2. Um, or you’re like me who jumped right into writing (on a blog), got book deals, and now WISH I would have practiced (because seriously, blog writing is not practice if you are aren’t taking the time to learn *how* to write). Now? Now I’m scrounging around reading every book on writing I can get a hold of while simultaneously writing a book that has a killer deadline! Eek! 

    All to say, I agree about deadlines, they get a fire under your rear-end. BUT I wish someone would have told me, “if you think you may write a book someday, start learning the craft; practice and be intentional with your writing.” I took it all for granted. 

    1. Sure. Practice is good but we only really practice when we have a deadline. Right now you’re practicing for your next book. What you’re experiencing is typical. Trust me. You’re going to be fine, Sarah. You’re more prepared than you may realize.

  3. The first time I ran a half marathon I was surprised. I saw people that looked like they would be great runners. They intimated me, but once the race started, I realized they hadn’t done the work. They looked good, but that was it. Nothing prepares you for running better than the running.

  4. Great post! As a musician I could immediately connect the practicing/performing imagery. And the performance seems to always go differently than all those hours of practice, lol! The bottom line, be a risk taker! Thanks for sharing! By the way, I ordered your ebooks. 🙂 I love the way they read so easily, in small chunks, not overwhelming with too much info, and conversational/friendly tone. It came to me at the perfect time! God bless…

  5. Jeff, Thanks for your good work! I’ve chosen you as my writing coach. I love your writing/writer’s life style.

    Working full time, I still write several hours a day. My problem is getting it posted. I usually flame out in the editorial process, hence I have stacks of posts waiting to see the light of day. Thank God for weekends ;-))

    When I first started writing songs, I would test them for a year, to make sure they had staying power before I shared them. So I really do understand the resistance that holds us captive.

    Now I’m learning the craft, and writing my book online warts and all.  https://bobholmes.blogspot.com/  I’m quickly morphing this into a writer’s site and updating it’s format.

    Finally Thank You Jeff, for your kind comments on my sister Christ Tribe site.

    You really are exceptional!

  6. I’ve got a story, and I know it’s something people would enjoy. I guess the part I struggle with is networking and publicizing. For as long as I’ve been blogging, I’ve been trying to build a platform, but the growth has been minimal, at best. I keep plugging away, though, hoping one day I’ll finally discover the audience that so many others seem to have. It’s definitely not always fun, and I definitely don’t always feel like doing it, but I figure if eventually, I can change lives, it’ll be worth the work.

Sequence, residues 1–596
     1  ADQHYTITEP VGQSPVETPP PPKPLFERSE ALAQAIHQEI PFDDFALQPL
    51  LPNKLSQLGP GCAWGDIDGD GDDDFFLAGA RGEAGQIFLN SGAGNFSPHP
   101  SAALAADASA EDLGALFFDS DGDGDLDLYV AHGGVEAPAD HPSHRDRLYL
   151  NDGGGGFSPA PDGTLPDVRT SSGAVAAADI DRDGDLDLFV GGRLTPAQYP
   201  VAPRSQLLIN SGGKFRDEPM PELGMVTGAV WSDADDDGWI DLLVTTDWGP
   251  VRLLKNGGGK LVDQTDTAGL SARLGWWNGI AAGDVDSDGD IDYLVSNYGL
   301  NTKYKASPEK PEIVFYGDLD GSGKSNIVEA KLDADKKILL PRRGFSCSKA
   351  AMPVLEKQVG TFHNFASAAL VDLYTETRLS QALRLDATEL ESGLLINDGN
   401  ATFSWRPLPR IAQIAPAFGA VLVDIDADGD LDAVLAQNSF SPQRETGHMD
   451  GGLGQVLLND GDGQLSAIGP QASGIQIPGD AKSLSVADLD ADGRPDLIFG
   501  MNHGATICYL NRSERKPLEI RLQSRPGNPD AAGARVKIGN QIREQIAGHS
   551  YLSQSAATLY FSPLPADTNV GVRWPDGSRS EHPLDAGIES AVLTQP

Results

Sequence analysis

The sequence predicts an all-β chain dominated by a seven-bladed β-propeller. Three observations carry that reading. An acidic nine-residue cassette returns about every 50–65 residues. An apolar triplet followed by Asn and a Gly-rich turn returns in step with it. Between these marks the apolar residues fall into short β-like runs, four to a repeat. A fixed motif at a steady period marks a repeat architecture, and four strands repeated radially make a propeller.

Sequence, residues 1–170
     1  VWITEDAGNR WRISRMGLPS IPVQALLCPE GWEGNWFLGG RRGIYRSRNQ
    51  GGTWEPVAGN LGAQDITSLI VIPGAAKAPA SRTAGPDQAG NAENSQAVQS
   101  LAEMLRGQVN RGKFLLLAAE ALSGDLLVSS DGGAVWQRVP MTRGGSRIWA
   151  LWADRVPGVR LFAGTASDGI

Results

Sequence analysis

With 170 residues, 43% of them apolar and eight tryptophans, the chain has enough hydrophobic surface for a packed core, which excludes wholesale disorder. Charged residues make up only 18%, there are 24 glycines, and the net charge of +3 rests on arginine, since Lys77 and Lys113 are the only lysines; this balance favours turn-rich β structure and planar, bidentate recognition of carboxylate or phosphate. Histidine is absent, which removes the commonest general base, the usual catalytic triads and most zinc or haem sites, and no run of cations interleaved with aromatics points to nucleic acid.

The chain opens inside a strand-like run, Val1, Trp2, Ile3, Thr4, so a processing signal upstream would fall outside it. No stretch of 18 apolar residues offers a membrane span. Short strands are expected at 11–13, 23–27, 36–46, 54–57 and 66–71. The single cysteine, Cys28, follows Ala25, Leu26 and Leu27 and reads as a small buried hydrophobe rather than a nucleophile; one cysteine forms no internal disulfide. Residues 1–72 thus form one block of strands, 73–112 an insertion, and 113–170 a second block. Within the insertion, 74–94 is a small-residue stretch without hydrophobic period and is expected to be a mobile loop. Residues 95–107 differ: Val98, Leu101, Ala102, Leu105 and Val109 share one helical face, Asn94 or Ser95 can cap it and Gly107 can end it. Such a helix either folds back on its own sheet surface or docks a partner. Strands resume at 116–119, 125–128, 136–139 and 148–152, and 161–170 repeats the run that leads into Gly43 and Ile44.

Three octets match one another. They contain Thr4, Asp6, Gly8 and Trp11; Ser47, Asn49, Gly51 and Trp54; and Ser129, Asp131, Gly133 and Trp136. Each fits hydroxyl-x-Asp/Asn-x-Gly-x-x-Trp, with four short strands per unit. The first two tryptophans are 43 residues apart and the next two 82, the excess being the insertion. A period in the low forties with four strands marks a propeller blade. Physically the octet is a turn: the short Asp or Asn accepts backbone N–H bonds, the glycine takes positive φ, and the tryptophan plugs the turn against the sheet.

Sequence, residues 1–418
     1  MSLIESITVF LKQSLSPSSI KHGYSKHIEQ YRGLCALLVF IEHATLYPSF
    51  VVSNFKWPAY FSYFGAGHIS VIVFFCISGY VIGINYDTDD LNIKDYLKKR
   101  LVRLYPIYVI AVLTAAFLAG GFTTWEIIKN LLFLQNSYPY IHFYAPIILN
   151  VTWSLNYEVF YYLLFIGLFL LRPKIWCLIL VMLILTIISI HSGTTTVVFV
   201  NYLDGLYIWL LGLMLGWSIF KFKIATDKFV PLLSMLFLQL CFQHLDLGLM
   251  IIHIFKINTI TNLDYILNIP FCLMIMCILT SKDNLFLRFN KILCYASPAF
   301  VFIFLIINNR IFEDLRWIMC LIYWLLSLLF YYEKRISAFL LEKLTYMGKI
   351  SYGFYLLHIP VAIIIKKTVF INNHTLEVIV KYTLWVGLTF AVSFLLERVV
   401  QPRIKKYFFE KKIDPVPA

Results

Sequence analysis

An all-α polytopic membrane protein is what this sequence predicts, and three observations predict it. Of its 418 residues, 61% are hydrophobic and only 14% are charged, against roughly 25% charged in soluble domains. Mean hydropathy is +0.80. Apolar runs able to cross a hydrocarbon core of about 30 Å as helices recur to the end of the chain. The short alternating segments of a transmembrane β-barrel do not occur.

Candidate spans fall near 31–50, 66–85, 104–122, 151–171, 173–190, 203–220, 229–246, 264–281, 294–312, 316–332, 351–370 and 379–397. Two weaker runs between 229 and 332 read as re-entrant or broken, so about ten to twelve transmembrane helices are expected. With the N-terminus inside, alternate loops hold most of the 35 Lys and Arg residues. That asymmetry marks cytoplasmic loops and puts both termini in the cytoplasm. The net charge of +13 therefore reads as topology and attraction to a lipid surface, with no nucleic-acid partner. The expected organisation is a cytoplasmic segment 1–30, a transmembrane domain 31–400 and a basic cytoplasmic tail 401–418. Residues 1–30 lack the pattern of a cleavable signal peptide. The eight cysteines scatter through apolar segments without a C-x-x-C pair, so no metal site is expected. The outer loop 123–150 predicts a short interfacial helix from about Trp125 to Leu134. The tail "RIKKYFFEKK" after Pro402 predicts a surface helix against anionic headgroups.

1. This is true — as long as you’re writing something that’s relevant to more than just you (which is highly likely). I myself am a fan of experimentation — keep poking around until you find something that strikes a nerve (for both you and the audience). You can waste a lot of time writing the wrong words. Of course, no writing is entirely wasted.

      1. You keep saying that and I keep ignoring you. =)

        I’ll think about it today and probably cave in. And then, after spending my hard-earned $3, the masses will come flooding in! 

        1. Hah! Maybe…

          I think EWD would help you think through this whole platform business.
          And just so you know, I think they’re worth a lot more than $3 (or even $5). I priced ’em low so that more people could get this information, which I believe is important. Trust me, I’m not retiring in Borneo on your three bucks. 🙂

  7. I started a blog last year and have been posting twice a week. It’s been good to get my butt in gear and actually get something written. The posts aren’t always stellar, but I know I have a deadline and it makes me work. I like the idea about submitting pitches to websites and magazines. Perhaps that’s my next step.

  8. I’m in the midst of “writing for real”.  For a while I was practicing or saying that I would write “one day”.  It’s a work in progress and it’s hard to break the habits I’ve had for years, but I can already feel the shift and it’s empowering!  Thanks for the reminder Jeff!

  9. Starting a blog last year put my feet to the fire. My fiction writing had to take a backseat while I  met my deadlines. Clearly, my writing has improved, my confidence and my writer’s voice.

    Now a BIG OUESTION looms. Where do I find my market for my fiction? My first love revolves around writing mysteries for 9 to 13 year old kids. Many of them do not have e-readers or read magazines.

    Any tips for me on reaching my market, “writing for real?”

    1. That’s a good question. Admittedly, fiction’s not my bag. It fascinates me, and I hope to one day write a novel (not a main goal for me right now, though), but I suggest you connect with my friend Joe Bunting at https://thewritepractice.com. He eats, sleeps, and breathes fiction.
      The short, incomplete answer would be: do what you would do for non-fiction. Create small wins and build. I read that Stephen King got his start writing short stories for magazines. You could do the same. Find a few fiction websites, get your work published there, build a portfolio, then move to print.
      My friend Robert Bruce (https://robertbruce.com) has a great website of short stories that shows how you can start publishing your stories now and get noticed.